Although some might not realize it, but for every planet in the solar system that has moons, there is a pattern followed for naming. Therefore, if a new moon were to be discovered for one of these planets, there is an existing naming convention to assist scientists with the new discovery. Both Venus and Mercury and have 0 moons, therefore, there is no need for naming standards.
For the Earths moon Luna, every language has its own word for it, which is used by many cultures for their calendars, art, and other aspects.
Although one day in the future, Mars will lose its moons, Phobos and Deimos are named after the Greek mythological twin characters Phobos and Deimos. They are known In mythology as twins who accompanied their father Ares into battle.
The Galilean moons of Jupiter were named by Simon Marius soon after their discovery in 1610. Naming conventions have changed throughout the years, but the current practice is that newly discovered moons of Jupiter must be named after lovers or descendants of the mythological Jupiter (Zeus).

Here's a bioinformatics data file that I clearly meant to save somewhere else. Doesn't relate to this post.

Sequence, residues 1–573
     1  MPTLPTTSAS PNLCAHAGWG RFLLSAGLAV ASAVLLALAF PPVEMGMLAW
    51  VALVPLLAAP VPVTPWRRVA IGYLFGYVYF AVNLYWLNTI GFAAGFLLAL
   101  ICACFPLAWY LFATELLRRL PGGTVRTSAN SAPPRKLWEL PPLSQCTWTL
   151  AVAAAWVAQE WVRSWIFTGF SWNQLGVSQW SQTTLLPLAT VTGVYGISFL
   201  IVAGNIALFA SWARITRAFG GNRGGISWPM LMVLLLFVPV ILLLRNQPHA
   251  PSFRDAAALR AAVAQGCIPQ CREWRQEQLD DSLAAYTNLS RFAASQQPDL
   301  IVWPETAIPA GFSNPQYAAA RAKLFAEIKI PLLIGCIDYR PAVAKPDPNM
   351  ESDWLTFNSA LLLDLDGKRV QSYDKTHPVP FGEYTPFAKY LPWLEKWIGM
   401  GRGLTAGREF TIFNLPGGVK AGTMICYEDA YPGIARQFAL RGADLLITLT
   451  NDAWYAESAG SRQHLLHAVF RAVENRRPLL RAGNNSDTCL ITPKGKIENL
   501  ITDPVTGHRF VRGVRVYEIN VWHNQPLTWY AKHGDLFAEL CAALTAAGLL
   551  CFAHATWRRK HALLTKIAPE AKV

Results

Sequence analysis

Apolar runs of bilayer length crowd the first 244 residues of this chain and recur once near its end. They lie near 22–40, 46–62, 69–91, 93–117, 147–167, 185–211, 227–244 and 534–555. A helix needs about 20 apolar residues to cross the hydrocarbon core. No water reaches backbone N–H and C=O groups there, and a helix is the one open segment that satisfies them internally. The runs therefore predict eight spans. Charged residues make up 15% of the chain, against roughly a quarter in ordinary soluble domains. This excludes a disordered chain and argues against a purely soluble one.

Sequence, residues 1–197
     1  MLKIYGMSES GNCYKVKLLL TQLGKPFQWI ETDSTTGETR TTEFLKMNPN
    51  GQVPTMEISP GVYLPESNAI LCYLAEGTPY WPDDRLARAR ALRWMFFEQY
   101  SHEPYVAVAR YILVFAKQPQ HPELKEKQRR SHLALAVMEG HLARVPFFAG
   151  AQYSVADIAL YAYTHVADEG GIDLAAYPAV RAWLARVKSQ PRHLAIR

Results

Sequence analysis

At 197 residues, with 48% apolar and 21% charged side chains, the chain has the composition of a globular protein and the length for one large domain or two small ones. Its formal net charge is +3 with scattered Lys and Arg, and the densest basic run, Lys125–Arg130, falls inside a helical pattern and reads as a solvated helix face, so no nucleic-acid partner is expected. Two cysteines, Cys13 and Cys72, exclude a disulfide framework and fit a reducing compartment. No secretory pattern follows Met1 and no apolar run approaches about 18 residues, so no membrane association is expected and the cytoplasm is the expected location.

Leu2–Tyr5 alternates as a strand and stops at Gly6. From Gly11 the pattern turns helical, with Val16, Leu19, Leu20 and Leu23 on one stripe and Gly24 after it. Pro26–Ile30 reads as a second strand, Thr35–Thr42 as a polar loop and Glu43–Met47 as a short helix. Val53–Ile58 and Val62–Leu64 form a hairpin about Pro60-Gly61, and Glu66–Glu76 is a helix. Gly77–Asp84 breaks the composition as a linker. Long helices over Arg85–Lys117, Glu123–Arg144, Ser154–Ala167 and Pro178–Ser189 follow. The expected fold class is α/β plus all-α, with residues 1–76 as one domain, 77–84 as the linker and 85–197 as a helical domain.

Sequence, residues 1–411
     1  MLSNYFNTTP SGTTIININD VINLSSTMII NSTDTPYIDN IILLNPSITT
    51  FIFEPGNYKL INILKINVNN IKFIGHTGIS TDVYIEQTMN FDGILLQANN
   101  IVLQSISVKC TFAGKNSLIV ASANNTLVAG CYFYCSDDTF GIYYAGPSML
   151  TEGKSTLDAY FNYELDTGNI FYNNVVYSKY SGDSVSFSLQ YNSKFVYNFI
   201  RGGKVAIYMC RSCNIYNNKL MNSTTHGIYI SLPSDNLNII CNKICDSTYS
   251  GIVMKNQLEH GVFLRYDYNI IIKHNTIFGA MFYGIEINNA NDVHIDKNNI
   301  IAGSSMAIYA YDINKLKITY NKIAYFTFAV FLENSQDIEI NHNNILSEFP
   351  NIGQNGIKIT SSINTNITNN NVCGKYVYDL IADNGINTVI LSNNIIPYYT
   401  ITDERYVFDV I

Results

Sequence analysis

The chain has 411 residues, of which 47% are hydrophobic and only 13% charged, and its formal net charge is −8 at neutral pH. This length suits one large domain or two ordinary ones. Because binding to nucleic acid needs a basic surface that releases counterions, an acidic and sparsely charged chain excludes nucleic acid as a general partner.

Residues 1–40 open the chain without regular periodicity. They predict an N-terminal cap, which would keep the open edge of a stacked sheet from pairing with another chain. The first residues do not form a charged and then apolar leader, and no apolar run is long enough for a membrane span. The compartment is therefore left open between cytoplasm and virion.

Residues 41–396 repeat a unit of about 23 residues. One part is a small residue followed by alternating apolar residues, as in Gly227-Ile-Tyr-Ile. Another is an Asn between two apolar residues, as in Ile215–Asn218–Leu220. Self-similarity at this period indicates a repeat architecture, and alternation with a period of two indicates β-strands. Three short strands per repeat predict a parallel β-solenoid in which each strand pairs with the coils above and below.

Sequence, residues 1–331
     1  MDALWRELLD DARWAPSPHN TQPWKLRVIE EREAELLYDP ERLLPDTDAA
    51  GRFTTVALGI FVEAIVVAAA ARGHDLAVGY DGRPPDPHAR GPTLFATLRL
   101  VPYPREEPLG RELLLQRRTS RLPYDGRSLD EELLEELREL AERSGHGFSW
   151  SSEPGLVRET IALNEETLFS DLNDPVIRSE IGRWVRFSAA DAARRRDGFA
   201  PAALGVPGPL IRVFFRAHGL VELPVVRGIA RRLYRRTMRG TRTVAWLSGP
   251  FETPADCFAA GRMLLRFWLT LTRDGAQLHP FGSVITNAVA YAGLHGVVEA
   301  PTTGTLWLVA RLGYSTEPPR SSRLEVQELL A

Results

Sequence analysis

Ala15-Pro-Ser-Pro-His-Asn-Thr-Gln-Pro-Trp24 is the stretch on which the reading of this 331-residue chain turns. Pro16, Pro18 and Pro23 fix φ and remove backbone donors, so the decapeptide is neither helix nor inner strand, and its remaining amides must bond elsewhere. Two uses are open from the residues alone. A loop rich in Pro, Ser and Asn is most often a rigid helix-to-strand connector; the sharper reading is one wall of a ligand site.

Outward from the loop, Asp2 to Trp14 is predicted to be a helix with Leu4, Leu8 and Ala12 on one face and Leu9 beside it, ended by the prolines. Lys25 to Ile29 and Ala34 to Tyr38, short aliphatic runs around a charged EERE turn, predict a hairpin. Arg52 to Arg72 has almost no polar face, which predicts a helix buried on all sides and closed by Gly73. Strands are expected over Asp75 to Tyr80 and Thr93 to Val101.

In 1847 the seven then known moons of Saturn were named by John Herschel. Herschel named Saturn’s two innermost after the mythological Greek Giants, and the outer five after the Titans and Titanesses of the same mythology. Current IAU practice for newly discovered inner moons is to continue with Herschel’s system, naming them after Titans or their descendants.
The planet Neptune has 14 known moons, which are named for minor water deities in Greek mythology.
Uranus has 27 known moons, most of which are named after characters that appear in, or are mentioned in, the works of William Shakespeare and Alexander Pope.
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